Adrian Goldsworthy | How Rome Fell
October 5, 2009
Dr. Kent: Welcome to the show. It’s Sound Authors with me, Dr. Kent, and I’m excited about the four guests that I’ve got on today. As always, three authors and one musician. At the end of the show, musician Victoria Vox is going to be on with me. She’s got an incredible sound, and I actually first saw her music on Twitter, believe it or not. I’m an avid Twitterer, and she was one of the folks that I discovered there, great musician. And three authors on the show today, Michelle Karen, and I’m excited about all of them. Michelle Karen wrote the book Astrology for Enlightenment. Now, I wouldn’t necessarily be in on that, but she sent a copy of the book, and it’s fascinating, I think. And before that, I have on the show Lynne Serafinn, and she’s the author of a wonderful book, and it’s called The Garden of the Soul: Lessons From Four Flowers That Unearth the Self. And that’s, she’s a bestseller in the UK with that book. And without further ado, my first guest on the show is Adrian Goldsworthy, an incredible book that he’s written called How Rome Fell: Death of a Superpower. And it’s such a fascinating thing, to think about Rome and the long reign of that empire. Welcome to the show, Adrian Goldsworthy.
Adrian Goldsworthy: Thank you, it’s nice to be invited.
Dr. Kent: Well, tell me, you’ve written several books that are all these long, sort of, epic stories of the fall of the West, and In the Name of Rome. What’s you’re newest book, How Rome Fell, what’s it all about?
Adrian Goldsworthy: Well, it’s really about the, perhaps the biggest question of Roman history because you can look (inaudible) the Empire that conquered this vast area, last for several centuries, but in the end it folds. And when it folds, the world gets a lot more primitive, a lot more basic, a lot more violent than it had been in the Roman period. So it’s explaining how you can have an advanced civilization, you know, it wasn’t perfect, but it was pretty sophisticated, and that (inaudible). So it’s trying to understand that, but what caused that.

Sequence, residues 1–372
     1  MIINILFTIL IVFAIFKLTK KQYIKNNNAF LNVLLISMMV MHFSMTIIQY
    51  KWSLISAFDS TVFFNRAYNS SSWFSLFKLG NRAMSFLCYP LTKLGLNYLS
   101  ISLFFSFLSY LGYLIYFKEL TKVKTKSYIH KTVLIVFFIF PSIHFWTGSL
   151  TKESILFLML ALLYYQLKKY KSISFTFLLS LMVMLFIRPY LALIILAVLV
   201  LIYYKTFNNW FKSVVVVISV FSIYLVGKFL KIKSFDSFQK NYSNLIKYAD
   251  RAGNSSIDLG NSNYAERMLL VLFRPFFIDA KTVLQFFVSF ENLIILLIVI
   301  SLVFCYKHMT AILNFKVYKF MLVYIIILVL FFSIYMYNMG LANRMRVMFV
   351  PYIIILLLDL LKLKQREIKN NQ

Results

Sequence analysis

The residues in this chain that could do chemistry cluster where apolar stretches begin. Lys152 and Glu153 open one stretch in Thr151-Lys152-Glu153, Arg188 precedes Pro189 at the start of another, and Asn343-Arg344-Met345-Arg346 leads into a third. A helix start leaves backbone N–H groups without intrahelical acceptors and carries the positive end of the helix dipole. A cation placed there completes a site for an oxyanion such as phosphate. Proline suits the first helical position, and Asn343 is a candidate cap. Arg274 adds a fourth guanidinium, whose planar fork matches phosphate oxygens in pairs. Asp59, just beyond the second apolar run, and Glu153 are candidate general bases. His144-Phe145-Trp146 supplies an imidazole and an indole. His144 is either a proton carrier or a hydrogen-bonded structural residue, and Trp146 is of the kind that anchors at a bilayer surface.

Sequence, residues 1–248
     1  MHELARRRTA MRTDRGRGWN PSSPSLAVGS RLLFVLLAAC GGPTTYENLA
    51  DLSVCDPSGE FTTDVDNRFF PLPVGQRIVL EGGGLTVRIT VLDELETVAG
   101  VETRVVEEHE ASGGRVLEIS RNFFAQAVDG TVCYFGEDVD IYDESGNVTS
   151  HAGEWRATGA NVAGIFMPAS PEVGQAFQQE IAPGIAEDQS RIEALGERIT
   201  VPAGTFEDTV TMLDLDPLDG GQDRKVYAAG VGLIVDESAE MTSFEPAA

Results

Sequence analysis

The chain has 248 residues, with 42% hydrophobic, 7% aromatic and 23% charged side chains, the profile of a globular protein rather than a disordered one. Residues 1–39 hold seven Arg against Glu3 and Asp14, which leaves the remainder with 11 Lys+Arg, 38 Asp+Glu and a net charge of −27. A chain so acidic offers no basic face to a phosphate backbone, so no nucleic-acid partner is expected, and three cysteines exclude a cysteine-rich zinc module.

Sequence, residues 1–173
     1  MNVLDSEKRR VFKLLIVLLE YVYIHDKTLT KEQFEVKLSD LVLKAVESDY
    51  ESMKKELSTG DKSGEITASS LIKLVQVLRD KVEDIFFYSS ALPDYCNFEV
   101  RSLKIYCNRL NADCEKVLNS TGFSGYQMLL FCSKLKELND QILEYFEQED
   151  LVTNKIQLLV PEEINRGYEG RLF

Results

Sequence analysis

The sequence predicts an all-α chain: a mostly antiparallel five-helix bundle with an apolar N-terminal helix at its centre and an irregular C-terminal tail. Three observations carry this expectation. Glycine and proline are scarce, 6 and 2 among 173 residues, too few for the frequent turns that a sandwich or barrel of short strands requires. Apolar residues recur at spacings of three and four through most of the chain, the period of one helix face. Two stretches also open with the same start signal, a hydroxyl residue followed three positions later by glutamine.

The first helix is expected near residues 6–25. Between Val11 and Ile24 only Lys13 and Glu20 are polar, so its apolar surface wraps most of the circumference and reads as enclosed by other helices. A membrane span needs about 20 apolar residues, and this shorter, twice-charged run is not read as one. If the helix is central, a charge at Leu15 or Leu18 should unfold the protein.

Dr. Kent: And tell me a little about the Roman Empire. For folks that sort of say, “Well, you know, I know what that was, but I’m not sure exactly, you know, I don’t know all the specifics of it.” Personally, I’ve been, I’ve seen some of the ruins, and I’ve read some of the history, but what is the Roman Empire?
Adrian Goldsworthy: It’s, I mean, it’s a cultural thing as well as a political thing. When you think the basis for the law systems of a large part of the planet are based upon Roman law, which, and certainly all of the European systems, not necessarily England or America, are those that are influenced by it. So you’ve got that basis, you’ve got a lot of cultural ideas. Physically it was this huge empire that stretched from the north of Britain to the Sahara, out to the Euphrates, to the Atlantic. It’s a very big area in a time when communications was much slower. You know, this is before anyone couldn’t move any faster than a horse could gallop or a ship could sail. So distance has become bigger. So it’s not just huge, it’s important culturally, but it’s there for a very long time, for centuries Rome dominated the known world, and modified Greek culture, you know, Greek and Roman culture along with the Judeo-Christian tradition. Those are really the two main pillars of Western culture. So it’s got a profound influence on us even up to today.
Dr. Kent: Well this book is called The Fall of the West in Britain, and it’s called How Rome Fell Here. How do you go about navigating a book with two different titles?